As we launch ‘UK National Security – Who Pays the Price?’, our media officer Carys Davis explains the purpose of the film series, and looks forward to sharing more in the coming weeks.

Have you ever thought about the price others pay for our so-called national security? 

Have you ever wondered who is on the receiving end of UK foreign policy?

And have you ever asked, is it worth it?

Launching next week, our ‘Who Pays the Price?’ series of short films explores these questions, and raises many others. We do this by communicating the individual, human impacts of the UK’s approach to its national security. It is – we think – a powerful way of encouraging Government, policy-makers, media and the public to rethink security. What does it mean to be secure? How can we ensure this, every day, for everyone? How does pursuing our own idea of ‘security’ impact on the lives of others? 

As Rethinking Security’s media officer, and with a background working with refugees, I’ve seen the potential that storytelling can have. Too often we rely on data and statistics to rail against the way things are, when the experiences of those who’ve lived it can bring the problem – and its solution – to life in a much more engaging way. 

So, how are we going about it?

‘Who Pays the Price?’ is a series of three short films, which we’ll be releasing over the course of the next three weeks. Each film focuses on one location and, most importantly, features interview footage with a national from that country. Sayed from Bahrain, Teresa from Northern Ireland and Ameen from Saudi Arabia have bravely shared their stories with us, stories which shine a light on how what is done in the name of UK national security is to the detriment of people all over the world. They are survivors of global conflict who can help us realise where, as a country, we are going wrong.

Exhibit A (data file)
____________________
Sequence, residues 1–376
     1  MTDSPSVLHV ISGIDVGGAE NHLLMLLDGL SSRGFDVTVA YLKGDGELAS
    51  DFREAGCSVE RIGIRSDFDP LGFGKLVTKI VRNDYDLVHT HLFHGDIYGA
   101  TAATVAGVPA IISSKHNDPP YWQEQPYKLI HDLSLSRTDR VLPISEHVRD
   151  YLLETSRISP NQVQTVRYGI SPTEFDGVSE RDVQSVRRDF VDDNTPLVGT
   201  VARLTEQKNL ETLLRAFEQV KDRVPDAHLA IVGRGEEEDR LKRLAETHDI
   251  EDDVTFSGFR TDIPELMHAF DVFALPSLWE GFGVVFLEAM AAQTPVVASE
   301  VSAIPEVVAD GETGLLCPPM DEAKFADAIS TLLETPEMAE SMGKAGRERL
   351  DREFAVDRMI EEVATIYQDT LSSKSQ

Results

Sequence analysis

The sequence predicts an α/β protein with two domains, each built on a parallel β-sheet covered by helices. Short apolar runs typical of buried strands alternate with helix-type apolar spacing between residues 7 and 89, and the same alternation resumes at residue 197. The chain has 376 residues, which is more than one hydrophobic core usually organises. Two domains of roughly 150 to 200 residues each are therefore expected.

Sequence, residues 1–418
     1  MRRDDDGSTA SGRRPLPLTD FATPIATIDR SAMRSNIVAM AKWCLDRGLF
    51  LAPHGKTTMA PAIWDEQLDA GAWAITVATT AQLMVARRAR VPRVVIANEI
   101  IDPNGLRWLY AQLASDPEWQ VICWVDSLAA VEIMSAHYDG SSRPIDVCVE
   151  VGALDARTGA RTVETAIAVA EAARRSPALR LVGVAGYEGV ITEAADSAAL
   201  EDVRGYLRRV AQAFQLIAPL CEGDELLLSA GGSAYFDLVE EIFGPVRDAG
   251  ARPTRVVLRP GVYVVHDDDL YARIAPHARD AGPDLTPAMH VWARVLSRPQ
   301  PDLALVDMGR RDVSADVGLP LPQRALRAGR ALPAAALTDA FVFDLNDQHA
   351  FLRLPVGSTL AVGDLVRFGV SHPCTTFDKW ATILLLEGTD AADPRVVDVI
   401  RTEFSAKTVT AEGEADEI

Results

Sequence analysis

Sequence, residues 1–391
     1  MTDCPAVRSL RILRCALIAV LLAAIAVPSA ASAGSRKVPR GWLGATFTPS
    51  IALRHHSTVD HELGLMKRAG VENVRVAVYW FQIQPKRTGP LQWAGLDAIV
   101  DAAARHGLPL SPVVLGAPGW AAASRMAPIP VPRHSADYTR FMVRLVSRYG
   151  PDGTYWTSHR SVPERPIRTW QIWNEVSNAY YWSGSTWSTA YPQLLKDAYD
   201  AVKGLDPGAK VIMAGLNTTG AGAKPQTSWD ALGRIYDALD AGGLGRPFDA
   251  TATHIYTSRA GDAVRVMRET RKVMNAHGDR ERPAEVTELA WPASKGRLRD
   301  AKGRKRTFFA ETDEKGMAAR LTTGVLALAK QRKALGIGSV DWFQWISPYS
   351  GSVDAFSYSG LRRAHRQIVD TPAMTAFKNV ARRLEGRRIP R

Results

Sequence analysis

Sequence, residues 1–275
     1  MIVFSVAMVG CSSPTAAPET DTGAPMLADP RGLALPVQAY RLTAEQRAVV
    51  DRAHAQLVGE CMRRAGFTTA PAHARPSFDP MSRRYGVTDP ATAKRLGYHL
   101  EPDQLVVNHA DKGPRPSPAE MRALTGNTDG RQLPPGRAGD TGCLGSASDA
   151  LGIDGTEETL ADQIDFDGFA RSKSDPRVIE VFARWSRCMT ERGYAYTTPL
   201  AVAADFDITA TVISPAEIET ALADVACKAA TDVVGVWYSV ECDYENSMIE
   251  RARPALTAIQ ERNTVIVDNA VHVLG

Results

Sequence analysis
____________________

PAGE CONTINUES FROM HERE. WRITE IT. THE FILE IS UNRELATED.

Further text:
The time is now

There is no better time to explore these issues. The Covid-19 pandemic, the Black Lives Matter movement and the ongoing threat of environmental destruction are creating huge opportunities for positive change. And as I write, the Government is working behind the scenes on an Integrated Foreign Policy, Security, Defence & International Development Review to come up with a new national security strategy. Doing this without hearing from those affected by past approaches is shortsighted at best, dangerous at worst – not a means to achieve secure and sustainable peace.  

If the Government isn’t listening to people like Sayed, Teresa and Ameen, we believe that Rethinking Security has a responsibility to make their voices heard. And we encourage you to watch, listen, share and engage with us and with these films. As well as those who have suffered from global insecurity, we need to hear from ordinary British citizens who are willing to stand up and say ‘not in my name’. We need to push the Government to consult widely ahead of its Review, to listen to the many of you who agree that it is now time to do things differently, that addressing the underlying causes of insecurity is paramount – and that elitist, masculinist and militaristic attitudes will never make our world secure. 

A huge thank you

Our big thanks to everyone who’s taken part in making these films, but overwhelmingly to Sayed, Teresa, Ameen and others, who’ve helped us better understand the impact of what our Government is doing, both inside and outside UK borders. Our first film launches on Monday 22 June, featuring Sayed from Bahrain, and he’ll be taking over the blog too – not to be missed! 

The trailer can be viewed now on our website or our YouTube channel.